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Lewis Allen Poem "Strange Fruit"What is the first stanza talking about? Southern trees...

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brooke89 | Student, Undergraduate | (Level 2) Honors

Posted March 2, 2012 at 10:15 PM via web

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Lewis Allen Poem "Strange Fruit"

What is the first stanza talking about?

Southern trees bear a strange fruit
Blood on the leaves and blood at the roots
Black bodies swingin' in the southern breeze
Strange fruit hangin' from the poplar trees

how does the imagery helps to communicate the general theme of the poem?

 

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stolperia | (Level 1) Educator Emeritus

Posted March 3, 2012 at 5:14 AM (Answer #1)

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The "strange fruit" being described is referring to black people who have been lynched. Possibly, they were beaten before being hanged and/or their bodies were mutilated after they died - this would account for "Blood on the leaves and blood at the roots." The "black bodies swingin' in the southern breeze" are literally the dead, battered and mangled bodies of black people who have been lynched by southern racists.

The rest of the poem goes on to contrast the peaceful and refined southern countryside with the horrific scene of the earlier lines.  The beauty of the land clashes with the gruesome and distorted corpses. The wonderfully pleasant sweet smell of the magnolias, that most iconic of southern flowers, contrasts with the stench of decaying human flesh. In the midst of the growth around the south, there is this "strange fruit" of death.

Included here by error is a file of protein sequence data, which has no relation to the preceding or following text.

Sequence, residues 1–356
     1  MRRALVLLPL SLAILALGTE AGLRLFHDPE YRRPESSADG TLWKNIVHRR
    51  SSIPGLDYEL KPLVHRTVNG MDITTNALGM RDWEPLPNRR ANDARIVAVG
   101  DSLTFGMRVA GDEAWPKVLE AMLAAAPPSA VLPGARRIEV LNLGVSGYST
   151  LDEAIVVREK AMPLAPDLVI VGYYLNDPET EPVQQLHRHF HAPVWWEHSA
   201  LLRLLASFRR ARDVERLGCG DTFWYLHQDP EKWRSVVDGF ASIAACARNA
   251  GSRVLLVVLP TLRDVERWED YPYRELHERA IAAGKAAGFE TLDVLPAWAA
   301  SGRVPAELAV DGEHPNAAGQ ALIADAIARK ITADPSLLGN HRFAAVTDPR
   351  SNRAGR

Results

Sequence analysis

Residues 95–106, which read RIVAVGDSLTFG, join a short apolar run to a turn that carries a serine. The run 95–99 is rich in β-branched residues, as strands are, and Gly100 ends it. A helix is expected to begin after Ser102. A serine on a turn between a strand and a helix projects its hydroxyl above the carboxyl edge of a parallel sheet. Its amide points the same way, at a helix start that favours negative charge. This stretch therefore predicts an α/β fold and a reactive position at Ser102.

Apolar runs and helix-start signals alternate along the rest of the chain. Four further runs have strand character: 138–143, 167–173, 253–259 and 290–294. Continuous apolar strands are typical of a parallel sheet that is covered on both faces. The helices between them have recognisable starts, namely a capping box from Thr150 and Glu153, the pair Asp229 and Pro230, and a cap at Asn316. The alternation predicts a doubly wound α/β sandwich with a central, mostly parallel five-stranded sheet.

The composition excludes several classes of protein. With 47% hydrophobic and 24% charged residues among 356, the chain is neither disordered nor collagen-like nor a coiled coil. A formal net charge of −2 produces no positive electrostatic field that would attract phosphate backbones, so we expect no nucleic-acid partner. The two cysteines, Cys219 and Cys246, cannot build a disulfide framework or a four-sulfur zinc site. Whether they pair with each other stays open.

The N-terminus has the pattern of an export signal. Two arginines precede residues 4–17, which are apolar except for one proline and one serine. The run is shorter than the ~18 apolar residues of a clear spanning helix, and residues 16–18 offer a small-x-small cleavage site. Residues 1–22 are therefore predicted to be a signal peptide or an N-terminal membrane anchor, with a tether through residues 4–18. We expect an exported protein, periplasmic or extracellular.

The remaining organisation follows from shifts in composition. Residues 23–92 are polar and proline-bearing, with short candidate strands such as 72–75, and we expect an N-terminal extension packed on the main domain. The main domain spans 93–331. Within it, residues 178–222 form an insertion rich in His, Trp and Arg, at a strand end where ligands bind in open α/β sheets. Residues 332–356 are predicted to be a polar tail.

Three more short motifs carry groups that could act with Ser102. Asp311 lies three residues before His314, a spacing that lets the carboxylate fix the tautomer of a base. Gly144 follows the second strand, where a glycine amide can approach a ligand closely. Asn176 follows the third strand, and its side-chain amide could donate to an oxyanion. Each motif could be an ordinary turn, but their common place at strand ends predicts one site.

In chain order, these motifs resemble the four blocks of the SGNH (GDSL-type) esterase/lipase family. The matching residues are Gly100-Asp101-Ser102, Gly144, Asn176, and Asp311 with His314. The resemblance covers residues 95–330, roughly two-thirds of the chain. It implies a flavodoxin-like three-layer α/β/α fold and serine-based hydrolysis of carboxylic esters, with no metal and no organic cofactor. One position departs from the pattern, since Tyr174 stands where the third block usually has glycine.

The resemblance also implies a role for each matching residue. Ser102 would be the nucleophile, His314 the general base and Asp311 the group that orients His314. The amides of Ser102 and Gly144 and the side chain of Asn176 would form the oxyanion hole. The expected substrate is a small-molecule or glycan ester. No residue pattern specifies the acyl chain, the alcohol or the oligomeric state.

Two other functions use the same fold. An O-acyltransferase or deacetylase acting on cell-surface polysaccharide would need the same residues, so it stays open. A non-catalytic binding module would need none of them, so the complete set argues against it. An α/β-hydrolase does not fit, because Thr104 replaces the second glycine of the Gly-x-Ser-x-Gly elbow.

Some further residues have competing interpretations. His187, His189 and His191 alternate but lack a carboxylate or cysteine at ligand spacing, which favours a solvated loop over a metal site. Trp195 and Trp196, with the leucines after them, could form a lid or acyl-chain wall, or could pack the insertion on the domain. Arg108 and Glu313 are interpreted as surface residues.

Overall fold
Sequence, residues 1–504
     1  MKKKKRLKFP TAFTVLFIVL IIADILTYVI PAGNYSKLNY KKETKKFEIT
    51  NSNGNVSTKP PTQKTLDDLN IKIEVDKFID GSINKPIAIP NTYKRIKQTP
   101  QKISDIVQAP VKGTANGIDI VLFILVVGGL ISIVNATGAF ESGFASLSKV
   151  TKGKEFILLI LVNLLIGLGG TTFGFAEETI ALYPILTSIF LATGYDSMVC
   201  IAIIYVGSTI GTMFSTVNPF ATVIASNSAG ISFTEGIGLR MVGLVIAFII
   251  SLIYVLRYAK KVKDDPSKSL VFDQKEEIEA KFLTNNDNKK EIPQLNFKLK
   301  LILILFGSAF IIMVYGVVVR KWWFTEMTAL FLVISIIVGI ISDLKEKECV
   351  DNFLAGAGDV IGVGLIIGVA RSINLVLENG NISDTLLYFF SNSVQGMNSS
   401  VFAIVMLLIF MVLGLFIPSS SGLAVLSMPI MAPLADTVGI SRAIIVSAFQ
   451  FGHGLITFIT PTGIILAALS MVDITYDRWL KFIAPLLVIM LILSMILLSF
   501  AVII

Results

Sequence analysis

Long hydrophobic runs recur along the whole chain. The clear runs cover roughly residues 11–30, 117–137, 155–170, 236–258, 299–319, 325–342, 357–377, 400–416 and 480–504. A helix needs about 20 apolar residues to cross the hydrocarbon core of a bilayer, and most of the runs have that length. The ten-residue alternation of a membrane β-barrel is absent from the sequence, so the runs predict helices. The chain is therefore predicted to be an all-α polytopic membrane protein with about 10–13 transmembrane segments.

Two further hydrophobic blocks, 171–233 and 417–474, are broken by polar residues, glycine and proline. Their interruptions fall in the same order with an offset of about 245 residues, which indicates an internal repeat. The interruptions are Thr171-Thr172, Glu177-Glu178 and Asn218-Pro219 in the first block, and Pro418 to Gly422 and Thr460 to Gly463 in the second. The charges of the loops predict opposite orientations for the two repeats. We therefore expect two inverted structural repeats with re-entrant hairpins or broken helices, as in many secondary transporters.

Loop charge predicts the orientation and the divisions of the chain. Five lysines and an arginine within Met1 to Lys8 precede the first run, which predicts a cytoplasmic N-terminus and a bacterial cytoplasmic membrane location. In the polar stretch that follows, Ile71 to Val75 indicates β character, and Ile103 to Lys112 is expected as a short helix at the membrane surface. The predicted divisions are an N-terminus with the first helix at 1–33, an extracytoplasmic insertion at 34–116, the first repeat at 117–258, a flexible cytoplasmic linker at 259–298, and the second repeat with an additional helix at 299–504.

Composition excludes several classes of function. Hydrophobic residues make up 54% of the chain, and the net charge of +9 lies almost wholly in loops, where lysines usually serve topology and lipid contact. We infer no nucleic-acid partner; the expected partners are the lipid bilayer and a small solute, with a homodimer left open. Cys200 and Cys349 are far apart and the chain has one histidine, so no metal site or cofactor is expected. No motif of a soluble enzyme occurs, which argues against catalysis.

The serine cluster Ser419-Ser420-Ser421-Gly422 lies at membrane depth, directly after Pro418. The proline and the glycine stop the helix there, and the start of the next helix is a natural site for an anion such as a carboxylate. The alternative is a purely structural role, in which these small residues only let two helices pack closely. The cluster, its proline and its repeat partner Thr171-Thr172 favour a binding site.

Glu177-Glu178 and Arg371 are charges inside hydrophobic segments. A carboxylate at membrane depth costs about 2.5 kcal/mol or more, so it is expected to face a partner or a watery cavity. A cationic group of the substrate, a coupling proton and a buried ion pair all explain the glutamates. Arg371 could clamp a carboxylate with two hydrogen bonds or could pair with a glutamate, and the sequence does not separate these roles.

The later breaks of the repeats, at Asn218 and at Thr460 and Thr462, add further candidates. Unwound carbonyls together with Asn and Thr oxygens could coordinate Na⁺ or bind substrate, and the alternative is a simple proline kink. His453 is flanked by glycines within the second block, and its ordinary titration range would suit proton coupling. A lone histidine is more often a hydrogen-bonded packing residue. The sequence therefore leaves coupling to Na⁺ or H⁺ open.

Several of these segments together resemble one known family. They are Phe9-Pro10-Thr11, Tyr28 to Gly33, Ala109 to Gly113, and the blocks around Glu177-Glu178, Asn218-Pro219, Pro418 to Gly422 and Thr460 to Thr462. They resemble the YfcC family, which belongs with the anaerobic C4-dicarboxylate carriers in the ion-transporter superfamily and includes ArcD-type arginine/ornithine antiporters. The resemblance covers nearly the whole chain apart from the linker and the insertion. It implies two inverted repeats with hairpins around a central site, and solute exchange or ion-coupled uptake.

Sources:

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pohnpei397 | College Teacher | (Level 3) Distinguished Educator

Posted February 1, 2015 at 6:29 PM (Answer #2)

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One of the major images that the South has had of itself (particularly in decades past) was that it was a beautiful, peaceful region.  People felt that the Southern way of life was slower and less money-hungry than the Northern way of life.  They believed that the South was more rural, more idyllic, and more like what the United States should have been like.

One of the major themes of this poem is that this view of the South was incompatible with the reality.  The reality of the South, in this view, was violent and dark.  The South was a place where African Americans were ruthlessly oppressed.  Perhaps the worst aspect of this oppression, at least in the late 1800s and early decades of the 1900s, was lynching.  African Americans lived in fear of being lynched for trivial or even imagined offenses against white people.  The first stanza is talking about people being lynched.

The “strange fruit” is the bodies of the lynched African Americans.  They are dangling from the trees in the way that fruit should dangle, but they should not be there.  Fruit and flowers are supposed to smell sweet, but the dead bodies stink of decay.  They make a mockery of the idyllic view of the South.

Overall, the imagery in this stanza does the same.  It argues that the roots of the South’s alleged beauty are soaked in blood. It makes it so we cannot enjoy the gentle breezes of the South because we know they are causing the bodies of the victims of lynching to sway.  It conveys the main idea of the poem, which is that the idyllic myth of the South is based on a foundation of violence and racism.

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